Thursday, May 26, 2016

Retirement Rules of Thumb

For longtime readers of this blog, this will be pretty familiar material. However a recent Bankrate survey of replacement income in retirement indicates that 47 states currently fail to make the grade on replacement income. Only Alaska, Hawaii, and South Carolina get a passing grade. Alaska and Hawaii are peculiar situations involving unconventional life styles, state government programs and large retired military and government employee populations with unusually generous pensions. South Carolina has more folks with pensions than is common in the 48 continental states. When combined with low taxes and a low cost of living, South Carolina comes up a winner. In general high tax/high cost of living states appear at the bottom of the list and low tax/low cost of living states come closer to a passing grade. However, there are some surprises in the list.

Bankrate study: Seniors' incomes in 47 states don't go far enough

One of the retirement rules of thumb can be termed the 70% solution. Most financial advisors believe that in order to maintain your pre-retirement standard of living you will require at least 70% of your pre-retirement income. People do spend less in retirement, but not all that much less. Some experts think 80% is safer, but that is a pretty difficult goal for most of us to achieve. Shoot for 70% and then adjust your lifestyle to match your income.

Pensions, once the most important leg of the famous three legged stool of retirement income are almost a thing of the past. The military, government employees, and a few remaining union workers still get a pension, but state and local governments around the country are facing pension bills they can no longer continue to pay and today one of the Teamsters largest pension funds is on the verge of bankruptcy. Many other bankrupt union pension funds are now paid by The Pension Benefit Guaranty Corporation, an independent agency of the United States government. The recipients of these funds are only receiving a small fraction of what they were promised.

The good news is most of us still have a pension, Social Security, once the second leg of the stool. Let’s assume that a family earning a combined income of $85,000 a year can collect a total of $3,000 a month in Social Security benefits.

$85,000 dollars/year divided by 12 months/year multiplied by 70% = $4,958.33

In this simplistic example our couple still needs to replace $1,958.33 every month for the rest of their lives. Where is that money going to come from? The answer is retirement savings and home equity, the third leg of the stool that was once pretty much reserved for cruises to the Caribbean, membership dues at the country club, and trips to Europe. Today, most retirees will need that money for everyday expenses.

This brings up the second retirement rule of thumb, termed the 4% solution. Endless numbers of academic studies indicate that given an investment portfolio of 50% bonds, cash, and CDs combined with 50% in equities, a retiree can safely withdraw a number equal to 4% of the original amount adjusted for inflation in subsequent years and never outlive their money.

This means in order safely withdraw $1,958.33 every month our hypothetical couple requires an initial retirement nest egg equal to $587,499.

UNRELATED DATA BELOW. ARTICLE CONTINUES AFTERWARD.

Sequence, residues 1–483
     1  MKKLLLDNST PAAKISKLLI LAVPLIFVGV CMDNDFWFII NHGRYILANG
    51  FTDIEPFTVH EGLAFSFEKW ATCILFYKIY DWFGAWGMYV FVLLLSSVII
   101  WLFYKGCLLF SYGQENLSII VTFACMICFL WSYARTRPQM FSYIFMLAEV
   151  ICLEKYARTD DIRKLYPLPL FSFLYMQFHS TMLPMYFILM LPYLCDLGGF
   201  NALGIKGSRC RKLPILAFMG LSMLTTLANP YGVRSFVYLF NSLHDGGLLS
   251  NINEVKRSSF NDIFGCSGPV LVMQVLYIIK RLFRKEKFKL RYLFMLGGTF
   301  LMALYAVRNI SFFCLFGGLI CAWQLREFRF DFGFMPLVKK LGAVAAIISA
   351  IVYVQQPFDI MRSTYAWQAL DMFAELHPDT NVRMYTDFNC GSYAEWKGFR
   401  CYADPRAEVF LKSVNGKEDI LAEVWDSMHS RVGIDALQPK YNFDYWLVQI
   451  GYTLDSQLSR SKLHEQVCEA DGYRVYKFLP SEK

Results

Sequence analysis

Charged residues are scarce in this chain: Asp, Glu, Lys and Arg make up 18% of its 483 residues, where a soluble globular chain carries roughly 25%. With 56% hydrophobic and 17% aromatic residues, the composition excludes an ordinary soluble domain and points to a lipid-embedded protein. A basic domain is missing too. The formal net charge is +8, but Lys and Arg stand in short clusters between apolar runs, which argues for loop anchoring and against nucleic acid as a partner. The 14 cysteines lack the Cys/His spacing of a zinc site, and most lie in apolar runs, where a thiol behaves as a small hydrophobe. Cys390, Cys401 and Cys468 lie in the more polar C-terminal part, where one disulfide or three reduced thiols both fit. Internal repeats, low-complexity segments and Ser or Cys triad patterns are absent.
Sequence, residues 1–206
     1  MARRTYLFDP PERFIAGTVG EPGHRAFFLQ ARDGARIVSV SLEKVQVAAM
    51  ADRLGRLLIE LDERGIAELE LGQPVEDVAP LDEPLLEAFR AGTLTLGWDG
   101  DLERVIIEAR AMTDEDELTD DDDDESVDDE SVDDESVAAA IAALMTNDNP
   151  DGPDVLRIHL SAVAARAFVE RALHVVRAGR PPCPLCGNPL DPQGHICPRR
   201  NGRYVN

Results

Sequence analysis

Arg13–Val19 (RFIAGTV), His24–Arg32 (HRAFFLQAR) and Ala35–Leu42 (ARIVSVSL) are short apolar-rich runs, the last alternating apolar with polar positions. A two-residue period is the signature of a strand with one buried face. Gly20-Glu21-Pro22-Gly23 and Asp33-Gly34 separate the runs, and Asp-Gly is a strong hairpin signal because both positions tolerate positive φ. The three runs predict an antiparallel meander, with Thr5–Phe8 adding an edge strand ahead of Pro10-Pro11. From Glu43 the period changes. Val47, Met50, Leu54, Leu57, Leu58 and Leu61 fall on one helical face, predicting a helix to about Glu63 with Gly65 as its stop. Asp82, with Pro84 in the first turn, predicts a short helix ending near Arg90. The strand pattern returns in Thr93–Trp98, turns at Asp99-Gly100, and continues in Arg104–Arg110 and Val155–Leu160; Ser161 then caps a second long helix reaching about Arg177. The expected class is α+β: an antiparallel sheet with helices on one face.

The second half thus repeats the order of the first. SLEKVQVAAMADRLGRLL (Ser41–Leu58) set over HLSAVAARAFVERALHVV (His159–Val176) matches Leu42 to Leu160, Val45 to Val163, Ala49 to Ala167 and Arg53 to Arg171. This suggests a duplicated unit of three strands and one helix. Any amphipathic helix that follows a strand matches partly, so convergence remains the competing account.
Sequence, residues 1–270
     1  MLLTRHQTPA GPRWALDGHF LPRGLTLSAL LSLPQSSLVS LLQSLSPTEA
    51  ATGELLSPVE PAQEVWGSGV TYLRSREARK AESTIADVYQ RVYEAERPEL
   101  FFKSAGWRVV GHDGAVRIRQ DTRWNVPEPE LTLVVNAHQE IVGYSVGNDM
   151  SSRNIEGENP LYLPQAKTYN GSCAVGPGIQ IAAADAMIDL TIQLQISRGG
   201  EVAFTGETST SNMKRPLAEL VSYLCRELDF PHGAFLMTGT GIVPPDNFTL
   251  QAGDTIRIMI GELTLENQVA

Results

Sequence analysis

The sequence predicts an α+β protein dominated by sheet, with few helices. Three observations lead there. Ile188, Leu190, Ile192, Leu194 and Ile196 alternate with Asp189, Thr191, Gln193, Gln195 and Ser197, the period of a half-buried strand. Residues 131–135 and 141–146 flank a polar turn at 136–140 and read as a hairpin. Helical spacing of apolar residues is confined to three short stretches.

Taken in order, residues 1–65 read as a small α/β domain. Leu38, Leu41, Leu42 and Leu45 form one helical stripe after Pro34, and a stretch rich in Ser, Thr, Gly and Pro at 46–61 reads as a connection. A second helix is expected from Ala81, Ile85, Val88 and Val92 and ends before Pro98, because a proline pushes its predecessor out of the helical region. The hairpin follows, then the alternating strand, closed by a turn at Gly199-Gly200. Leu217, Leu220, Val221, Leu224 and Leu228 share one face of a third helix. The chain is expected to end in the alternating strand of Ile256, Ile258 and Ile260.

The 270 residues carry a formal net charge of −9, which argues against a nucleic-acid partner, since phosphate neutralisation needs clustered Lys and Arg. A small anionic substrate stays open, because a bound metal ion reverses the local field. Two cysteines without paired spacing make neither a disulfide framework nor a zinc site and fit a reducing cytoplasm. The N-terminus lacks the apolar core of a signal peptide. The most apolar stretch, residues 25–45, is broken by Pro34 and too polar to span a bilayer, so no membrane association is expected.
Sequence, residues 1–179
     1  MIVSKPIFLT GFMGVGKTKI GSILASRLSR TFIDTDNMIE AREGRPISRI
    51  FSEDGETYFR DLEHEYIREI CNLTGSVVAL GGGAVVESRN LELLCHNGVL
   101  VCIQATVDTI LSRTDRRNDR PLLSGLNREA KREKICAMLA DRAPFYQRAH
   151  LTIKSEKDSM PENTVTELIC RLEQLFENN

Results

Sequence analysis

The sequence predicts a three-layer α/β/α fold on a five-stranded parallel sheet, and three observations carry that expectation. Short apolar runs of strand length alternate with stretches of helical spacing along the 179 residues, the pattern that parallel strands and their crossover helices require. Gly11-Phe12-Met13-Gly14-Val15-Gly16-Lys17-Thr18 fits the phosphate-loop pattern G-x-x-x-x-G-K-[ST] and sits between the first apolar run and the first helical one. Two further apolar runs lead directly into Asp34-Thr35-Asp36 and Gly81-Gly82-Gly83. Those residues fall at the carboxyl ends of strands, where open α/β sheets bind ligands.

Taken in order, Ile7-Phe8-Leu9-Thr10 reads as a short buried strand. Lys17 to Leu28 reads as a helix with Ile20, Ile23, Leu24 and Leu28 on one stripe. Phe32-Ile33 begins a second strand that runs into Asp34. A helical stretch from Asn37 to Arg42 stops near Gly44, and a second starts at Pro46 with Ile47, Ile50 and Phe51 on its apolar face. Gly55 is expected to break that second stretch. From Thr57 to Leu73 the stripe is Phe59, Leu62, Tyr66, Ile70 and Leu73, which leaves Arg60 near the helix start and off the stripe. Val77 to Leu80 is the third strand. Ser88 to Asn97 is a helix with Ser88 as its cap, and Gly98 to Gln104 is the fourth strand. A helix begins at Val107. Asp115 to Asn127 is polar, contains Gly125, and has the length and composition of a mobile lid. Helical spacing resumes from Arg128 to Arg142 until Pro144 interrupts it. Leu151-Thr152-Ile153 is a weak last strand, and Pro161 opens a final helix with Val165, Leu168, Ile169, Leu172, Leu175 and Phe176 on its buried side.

$1,958.33 dollars/month X 12 months/year divided by 0.04 = $587,499

If you can’t make 70%, there are other options. The most common is moving from a high cost/high tax state like Maryland to a low cost/low tax state like South Carolina. If the total cost of living in your new state is only 75% of the cost of living in your old state, your 70% replacement income is going to look a lot more like 93%. Maryland wanted me to go away, making room for somebody younger who can pay those high taxes for the next 30 years. South Carolina welcomed me with open arms, warmer weather, lower taxes, and much less traffic.

So how are you doing?

Danko and Stanley, authors of The Millionaire Next Door, have proposed a simple formula to calculate a reasonable value for net worth at a particular age with a given income. This formula produces bizarre results for people in their twenties. However for ages over forty, the results are pretty realistic when compared with actual averages.

Net worth = Age X Pretax Income ÷ 10


A couple about 50 years old earning a combined family income of $65,000 a year should have a net worth in the neighborhood of $325,000. If they have been paying on a mortgage for over 20 years and have been contributing to their 401K, this is fairly reasonable as an average number.

If you are near this target, you are considered by the authors as an average accumulator of wealth.

If your net worth is less than half your target, you are viewed as an under-accumulator of wealth.

If you have more than double this target, you are considered a prodigious accumulator of wealth and I tip my hat to you, sir.

While you should have started saving for retirement at age 22, all is not lost if you happened to get a late start. Whatever your age or financial situation, you can make decisions that will move you closer to financial freedom. Once the kids are out of the house and the mortgage is paid off, you are likely to be earning the highest income of your life at a time when your expenses have declined. Go into savings overdrive. You will be amazed at what you can accomplish in the next ten years.

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